It’s a special collaboration this spring that will bring together these two accomplished Valley choirs in three performances with full orchestra: one in Santa Clarita on March 25 and two in Glendale the following week leading up to Easter. It’s called the German Requiem and it is the composer’s best-known composition for choir. The March 25 performance is at 3:30 p.m. at the College of the Canyons’ Performing Arts Center.
The Catholic mass begins with prayers for the dead; Johannes Brahms (1833-1897) starts his requiem with prayers for the living: “Blessed are they that mourn, for they shall be comforted,” from Jesus’ startling Sermon on the Mount. It was this work that was performed at the National (Episcopal) Cathedral in Washington this year on the tenth anniversary of 9/11.
The music is, by turns, tender and contemplative and then surging and dramatic. Brahms started work on the Requiem in 1858 but it was spurred to completion by his own deep grief at his mother’s death in 1865 and perhaps even the passing of his longtime friend, composer and mentor Robert Schumann, back in 1856.
Just as our season soon will turn to new life, Brahms’ most famous choral work focuses not on the dead but on the living: those of us left to grieve our losses, to make what sense we can out of death and to re-kindle our own faith when sorrow overwhelms our lives. Brahms wasn’t known as a religious man per se, but he was given a children’s Bible at birth and he read it all his life.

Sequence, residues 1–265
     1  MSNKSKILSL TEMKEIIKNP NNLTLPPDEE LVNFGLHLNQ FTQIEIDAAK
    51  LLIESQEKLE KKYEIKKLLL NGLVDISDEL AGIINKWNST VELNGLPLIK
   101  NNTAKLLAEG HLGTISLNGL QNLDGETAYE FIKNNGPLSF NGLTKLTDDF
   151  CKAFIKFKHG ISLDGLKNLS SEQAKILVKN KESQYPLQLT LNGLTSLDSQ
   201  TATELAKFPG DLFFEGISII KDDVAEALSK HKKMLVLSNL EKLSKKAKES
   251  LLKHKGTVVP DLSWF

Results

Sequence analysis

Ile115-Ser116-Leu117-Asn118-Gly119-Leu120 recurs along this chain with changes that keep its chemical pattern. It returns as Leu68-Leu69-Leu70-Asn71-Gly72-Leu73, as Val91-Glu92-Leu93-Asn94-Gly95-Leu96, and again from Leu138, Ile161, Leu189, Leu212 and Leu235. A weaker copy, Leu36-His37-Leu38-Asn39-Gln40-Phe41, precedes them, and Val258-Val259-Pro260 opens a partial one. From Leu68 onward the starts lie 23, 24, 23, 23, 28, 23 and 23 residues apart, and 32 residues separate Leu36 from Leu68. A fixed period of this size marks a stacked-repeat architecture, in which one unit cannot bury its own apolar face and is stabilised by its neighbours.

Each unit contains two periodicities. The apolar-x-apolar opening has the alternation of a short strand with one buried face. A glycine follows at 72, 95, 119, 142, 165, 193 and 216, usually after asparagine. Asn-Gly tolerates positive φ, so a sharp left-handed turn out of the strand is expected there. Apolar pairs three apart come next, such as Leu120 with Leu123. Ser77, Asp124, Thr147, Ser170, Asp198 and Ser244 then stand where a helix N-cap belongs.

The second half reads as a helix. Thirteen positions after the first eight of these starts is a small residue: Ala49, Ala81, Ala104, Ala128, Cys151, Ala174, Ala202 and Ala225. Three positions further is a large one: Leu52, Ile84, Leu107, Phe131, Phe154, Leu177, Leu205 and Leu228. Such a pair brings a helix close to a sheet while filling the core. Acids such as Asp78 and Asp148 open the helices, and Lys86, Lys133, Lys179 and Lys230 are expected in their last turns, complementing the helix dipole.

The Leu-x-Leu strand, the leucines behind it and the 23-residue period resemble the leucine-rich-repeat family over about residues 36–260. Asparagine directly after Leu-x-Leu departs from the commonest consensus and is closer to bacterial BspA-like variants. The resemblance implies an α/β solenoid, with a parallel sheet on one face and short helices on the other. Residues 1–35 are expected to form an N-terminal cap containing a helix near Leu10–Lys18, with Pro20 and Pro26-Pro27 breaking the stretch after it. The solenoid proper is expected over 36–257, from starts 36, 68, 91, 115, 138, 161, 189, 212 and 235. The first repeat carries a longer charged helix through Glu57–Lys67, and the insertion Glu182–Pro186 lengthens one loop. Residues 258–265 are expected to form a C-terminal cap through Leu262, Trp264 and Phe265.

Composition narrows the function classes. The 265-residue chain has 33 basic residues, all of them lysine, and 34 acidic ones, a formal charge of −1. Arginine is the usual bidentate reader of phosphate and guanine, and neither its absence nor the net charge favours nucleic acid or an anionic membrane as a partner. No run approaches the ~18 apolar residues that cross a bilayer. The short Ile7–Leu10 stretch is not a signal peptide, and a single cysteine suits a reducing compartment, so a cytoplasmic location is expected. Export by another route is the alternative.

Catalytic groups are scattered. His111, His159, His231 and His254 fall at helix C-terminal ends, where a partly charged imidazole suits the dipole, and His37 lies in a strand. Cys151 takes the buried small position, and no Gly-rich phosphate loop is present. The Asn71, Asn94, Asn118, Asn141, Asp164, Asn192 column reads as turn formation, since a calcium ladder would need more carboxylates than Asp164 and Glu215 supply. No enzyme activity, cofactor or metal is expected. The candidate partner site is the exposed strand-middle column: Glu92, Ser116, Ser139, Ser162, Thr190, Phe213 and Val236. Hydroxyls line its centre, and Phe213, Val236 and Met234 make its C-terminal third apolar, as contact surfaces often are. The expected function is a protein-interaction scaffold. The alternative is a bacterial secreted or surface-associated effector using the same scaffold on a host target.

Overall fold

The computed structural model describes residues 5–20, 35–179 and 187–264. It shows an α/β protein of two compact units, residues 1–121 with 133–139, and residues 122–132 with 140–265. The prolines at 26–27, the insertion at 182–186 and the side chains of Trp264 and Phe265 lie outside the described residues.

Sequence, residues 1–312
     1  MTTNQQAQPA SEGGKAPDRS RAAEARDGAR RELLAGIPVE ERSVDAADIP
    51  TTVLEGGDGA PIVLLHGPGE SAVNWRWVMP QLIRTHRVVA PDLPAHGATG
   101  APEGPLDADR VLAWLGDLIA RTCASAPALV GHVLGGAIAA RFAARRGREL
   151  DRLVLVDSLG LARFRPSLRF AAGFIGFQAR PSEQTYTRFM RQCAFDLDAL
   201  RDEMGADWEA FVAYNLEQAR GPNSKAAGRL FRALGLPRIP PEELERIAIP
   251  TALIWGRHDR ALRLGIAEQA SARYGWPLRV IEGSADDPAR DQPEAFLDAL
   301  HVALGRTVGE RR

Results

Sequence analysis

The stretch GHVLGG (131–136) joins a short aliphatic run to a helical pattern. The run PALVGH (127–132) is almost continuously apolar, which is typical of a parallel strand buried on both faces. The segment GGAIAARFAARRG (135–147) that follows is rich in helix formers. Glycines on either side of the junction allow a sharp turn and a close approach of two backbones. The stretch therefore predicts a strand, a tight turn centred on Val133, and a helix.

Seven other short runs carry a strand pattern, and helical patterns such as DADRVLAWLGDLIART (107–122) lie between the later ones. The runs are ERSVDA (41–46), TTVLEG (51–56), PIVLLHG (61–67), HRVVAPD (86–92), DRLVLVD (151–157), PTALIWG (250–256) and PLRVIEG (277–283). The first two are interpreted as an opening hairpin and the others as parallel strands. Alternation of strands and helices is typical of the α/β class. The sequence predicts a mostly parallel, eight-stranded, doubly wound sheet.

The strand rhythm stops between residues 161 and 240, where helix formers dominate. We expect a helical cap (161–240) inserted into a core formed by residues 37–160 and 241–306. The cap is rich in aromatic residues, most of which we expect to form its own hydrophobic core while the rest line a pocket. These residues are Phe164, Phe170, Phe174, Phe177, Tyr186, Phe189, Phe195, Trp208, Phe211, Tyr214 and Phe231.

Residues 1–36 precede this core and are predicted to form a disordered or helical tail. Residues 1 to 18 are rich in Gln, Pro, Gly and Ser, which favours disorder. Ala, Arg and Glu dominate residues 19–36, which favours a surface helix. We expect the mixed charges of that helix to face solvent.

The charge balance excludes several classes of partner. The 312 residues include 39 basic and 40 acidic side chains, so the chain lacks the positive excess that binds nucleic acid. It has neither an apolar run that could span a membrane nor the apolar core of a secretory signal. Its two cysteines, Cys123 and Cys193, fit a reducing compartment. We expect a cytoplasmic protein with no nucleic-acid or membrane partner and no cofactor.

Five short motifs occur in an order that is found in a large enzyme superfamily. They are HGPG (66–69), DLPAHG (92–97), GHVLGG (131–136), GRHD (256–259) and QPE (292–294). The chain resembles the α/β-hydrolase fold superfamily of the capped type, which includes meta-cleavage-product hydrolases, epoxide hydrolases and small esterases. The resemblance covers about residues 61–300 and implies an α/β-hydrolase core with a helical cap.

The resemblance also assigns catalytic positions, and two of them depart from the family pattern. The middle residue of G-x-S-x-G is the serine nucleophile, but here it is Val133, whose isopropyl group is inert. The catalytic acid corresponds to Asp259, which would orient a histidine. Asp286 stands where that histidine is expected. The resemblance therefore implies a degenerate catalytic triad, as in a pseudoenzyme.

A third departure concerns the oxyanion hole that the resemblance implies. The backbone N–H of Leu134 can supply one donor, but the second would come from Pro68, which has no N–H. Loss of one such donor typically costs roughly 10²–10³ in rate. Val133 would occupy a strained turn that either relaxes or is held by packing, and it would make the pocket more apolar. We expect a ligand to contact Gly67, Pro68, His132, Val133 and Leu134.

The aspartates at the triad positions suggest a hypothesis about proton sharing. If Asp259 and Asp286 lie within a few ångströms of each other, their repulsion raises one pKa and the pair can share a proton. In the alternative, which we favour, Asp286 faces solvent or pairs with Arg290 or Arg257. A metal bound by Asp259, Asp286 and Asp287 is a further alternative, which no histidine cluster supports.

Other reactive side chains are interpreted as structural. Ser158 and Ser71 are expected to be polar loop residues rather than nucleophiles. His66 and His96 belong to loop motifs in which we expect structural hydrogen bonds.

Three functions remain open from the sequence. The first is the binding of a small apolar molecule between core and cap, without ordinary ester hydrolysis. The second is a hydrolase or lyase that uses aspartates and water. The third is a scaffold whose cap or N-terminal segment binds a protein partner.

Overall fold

The composer took his texts not from the Catholic liturgy but from the texts of the German Luther Bible that were so familiar to him. German may be foreign to us but it was Brahms’ native tongue and this was another departure from the Latin of the Catholic liturgy. He put these words of deep comfort into a language his audiences could understand, hence its title, Ein Deutches Requiem. In that spirit, the two Valley chorales will be presenting the work in English.
Music writer Michael Steinberg characterizes this work as a spiritual journey from anxiety to comfort. As we all journey from winter to spring, we invite you to join us to celebrate the moving music and the great hope this masterpiece offers to our human hearts. One reviewer from Brahms’ time wrote “the shadow of death and the seriousness of loss have scarcely been presented in music with such power.”
The Chorale’s performance home is the Santa Clarita Performing Arts Center at College of the Canyons, 26455 Rockwell Canyon Road in Santa Clarita. For more information or tickets for the March 25 performance, go to the Chorale’s website, www.scmasterchorale.org, or call 661-362-5304.
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